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# Riesz interpolation property

The interpolation property, in its most general form, may be interpreted as follows: given a set $S$ and a transitive relation $\preceq$ defined on $S$, we say that $(S,\preceq)$, or $S$ for short, has the *interpolation property* if for any $a,b\in S$ with $a\preceq b$, there is a $c\in S$ such that $a\preceq c\preceq b$.

Let $P$ be a poset. Let $\mathcal{A}$ be the set of all finite subsets of $P$. Define $\preceq$ on $\mathcal{A}$ as follows: for any $A,B\in\mathcal{A}$, $A\preceq B$ iff $a\leq b$ for every $a\in A$ and every $b\in B$. It is not hard to see that $\preceq$ is a transitive relation on $\mathcal{A}$. The following are equivalent:

1. $(\mathcal{A},\preceq)$ has the interpolation property

2. for every pair of doubletons $\{a_{1},a_{2}\}$ and $\{b_{1},b_{2}\}$ with $a_{i}\leq b_{j}$ for $i,j\in\mathbf{2}$, there is a $c\in P$ such that $a_{i}\leq c\leq b_{j}$ for $i,j\in\mathbf{2}$.

3. for every pair of finite sets $\{a_{1},\ldots,a_{n}\}$ and $\{b_{1},\ldots,b_{m}\}$ with $a_{i}\leq b_{j}$ for $i\in\mathbf{n}$ and $j\in\mathbf{m}$, there is a $c\in P$ such that $a_{i}\leq c\leq b_{j}$ for $i\in\mathbf{n}$, and $j\in\mathbf{m}$.

Here, $\mathbf{n}$ denotes the set $\{1,\ldots,n\}$.

###### Proof.

Clearly $1\Rightarrow 2$ and $3\Rightarrow 1$. To see that $2\Rightarrow 3$, we use induction twice:

if $\mathbf{n}=\mathbf{2}=\mathbf{m}$, then we are done. Now, fix $\mathbf{n}=\mathbf{2}$ and induct on $\mathbf{m}$ first. Let $i\in\mathbf{2}$. If $a_{i}\leq b_{j}$ for $j\in\mathbf{m+1}$, then $a_{i}\leq b_{j}$ for $j\in\mathbf{m}$ in particular, so there is a $c\in P$ such that $a_{i}\leq c\leq b_{j}$ for $j\in\mathbf{m}$ (induction step). This means $a_{i}\leq c$ and $a_{i}\leq b_{{m+1}}$. Apply $2$ to get a $d\in P$ with $a_{i}\leq d$ and $d\leq c$ and $d\leq b_{{m+1}}$. As a result, $a_{i}\leq d\leq b_{j}$ for $j\in\mathbf{m+1}$.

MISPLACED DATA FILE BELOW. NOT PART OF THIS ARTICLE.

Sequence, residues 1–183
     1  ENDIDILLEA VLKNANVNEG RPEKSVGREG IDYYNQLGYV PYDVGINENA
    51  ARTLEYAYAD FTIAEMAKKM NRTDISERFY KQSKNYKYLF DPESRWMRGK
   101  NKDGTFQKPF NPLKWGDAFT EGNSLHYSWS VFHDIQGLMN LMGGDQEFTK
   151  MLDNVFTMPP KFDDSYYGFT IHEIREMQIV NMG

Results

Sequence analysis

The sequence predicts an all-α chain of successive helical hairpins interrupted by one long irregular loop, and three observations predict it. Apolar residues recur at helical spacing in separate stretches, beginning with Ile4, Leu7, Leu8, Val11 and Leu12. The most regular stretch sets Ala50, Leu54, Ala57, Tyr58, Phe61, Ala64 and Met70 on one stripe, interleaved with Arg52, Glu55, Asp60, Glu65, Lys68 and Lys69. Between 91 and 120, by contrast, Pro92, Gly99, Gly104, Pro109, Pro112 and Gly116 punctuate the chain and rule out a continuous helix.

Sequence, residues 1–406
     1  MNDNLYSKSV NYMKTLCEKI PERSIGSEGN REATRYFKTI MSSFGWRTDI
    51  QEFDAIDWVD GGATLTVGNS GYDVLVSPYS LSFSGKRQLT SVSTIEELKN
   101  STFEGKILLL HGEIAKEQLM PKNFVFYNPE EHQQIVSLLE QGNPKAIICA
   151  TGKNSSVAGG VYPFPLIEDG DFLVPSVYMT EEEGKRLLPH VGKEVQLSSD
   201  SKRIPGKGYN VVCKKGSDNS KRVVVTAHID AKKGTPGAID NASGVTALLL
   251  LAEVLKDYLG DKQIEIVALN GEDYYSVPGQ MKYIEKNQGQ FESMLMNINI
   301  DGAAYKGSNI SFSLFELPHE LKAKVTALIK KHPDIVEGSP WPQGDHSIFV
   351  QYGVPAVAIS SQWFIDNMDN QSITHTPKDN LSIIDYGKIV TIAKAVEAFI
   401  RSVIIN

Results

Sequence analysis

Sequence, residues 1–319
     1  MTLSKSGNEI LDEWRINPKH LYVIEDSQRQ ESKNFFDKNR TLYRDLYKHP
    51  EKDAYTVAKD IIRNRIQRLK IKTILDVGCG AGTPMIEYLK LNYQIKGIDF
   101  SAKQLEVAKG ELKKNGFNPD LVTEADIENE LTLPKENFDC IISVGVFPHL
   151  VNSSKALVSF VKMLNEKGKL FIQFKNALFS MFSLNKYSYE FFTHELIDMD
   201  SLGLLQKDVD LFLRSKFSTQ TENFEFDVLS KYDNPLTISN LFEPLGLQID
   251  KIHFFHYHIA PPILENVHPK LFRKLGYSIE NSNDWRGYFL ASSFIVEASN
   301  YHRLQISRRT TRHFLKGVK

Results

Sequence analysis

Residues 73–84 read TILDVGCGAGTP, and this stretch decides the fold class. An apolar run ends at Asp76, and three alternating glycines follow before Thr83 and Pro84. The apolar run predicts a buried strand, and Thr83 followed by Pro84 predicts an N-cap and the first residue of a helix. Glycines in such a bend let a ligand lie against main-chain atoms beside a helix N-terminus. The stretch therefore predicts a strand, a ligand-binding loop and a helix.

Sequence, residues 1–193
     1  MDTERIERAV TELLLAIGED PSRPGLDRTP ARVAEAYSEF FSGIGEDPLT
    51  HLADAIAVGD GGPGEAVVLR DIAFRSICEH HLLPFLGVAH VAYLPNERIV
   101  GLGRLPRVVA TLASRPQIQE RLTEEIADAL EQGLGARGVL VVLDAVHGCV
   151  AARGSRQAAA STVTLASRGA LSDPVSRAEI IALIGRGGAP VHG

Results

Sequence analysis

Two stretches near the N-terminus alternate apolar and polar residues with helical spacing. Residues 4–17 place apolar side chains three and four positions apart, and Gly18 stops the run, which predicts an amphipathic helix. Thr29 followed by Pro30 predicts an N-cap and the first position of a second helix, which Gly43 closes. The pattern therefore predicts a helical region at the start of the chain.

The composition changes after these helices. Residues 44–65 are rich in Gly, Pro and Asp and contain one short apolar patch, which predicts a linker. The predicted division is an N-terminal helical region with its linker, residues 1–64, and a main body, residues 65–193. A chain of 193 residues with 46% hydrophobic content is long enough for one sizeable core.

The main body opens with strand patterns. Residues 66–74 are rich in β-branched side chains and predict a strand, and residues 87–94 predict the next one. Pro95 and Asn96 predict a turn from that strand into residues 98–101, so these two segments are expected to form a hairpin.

Next, fix $\mathbf{m}$ and induct on $\mathbf{n}$. Let $j\in\mathbf{m}$. If $a_{i}\leq b_{j}$ for $i\in\mathbf{n+1}$, then $a_{i}\leq b_{j}$ for $i\in\mathbf{n}$ in particular, so there is an $e\in P$ such that $a_{i}\leq e\leq b_{j}$ for $i\in\mathbf{n}$ (induction step). This means $a_{{n+1}}\leq b_{j}$ and $e\leq b_{j}$. Apply the result from the previous induction step, we find an $f\in P$ such that $a_{{n+1}}\leq f$ and $e\leq f$ and $f\leq b_{j}$. As a result, $a_{i}\leq f\leq b_{j}$ for $i\in\mathbf{n+1}$. ∎

Definition. A poset is said to have the *Riesz interpolation property* if it satisfies any of the three equivalent conditions above.

In other words, if one finite set, say $A$, is bounded above by another finite set $B$, then there is an element $c$ that serves as an upper bound for $A$ and a lower bound for $B$. One readily sees that any lattice has the Riesz interpolation property. In fact, a poset having the Riesz interpolation property can be thought of as an intermediate concept between an arbitrary poset and a lattice.

A poset having the Riesz interpolation property can be illustrated by the following Hasse diagrams:

$\xymatrix@!=40pt{b_{1}\ar@{-}[rd]|!{"2,1";"1,2"}\hole\ar@{-}[d]&b_{2}\ar@{-}[% ld]\ar@{-}[d]\\ a_{1}&a_{2}}\xymatrix@!=7pt{&&\\ &\mbox{ implies }&\\ &&}\xymatrix@!=7pt{b_{1}\ar@{-}[rd]&&b_{2}\ar@{-}[ld]\\ &c\ar@{-}[rd]\ar@{-}[ld]&\\ a_{1}&&a_{2}}$ |

## Mathematics Subject Classification

06F15*no label found*06A99

*no label found*06F20

*no label found*

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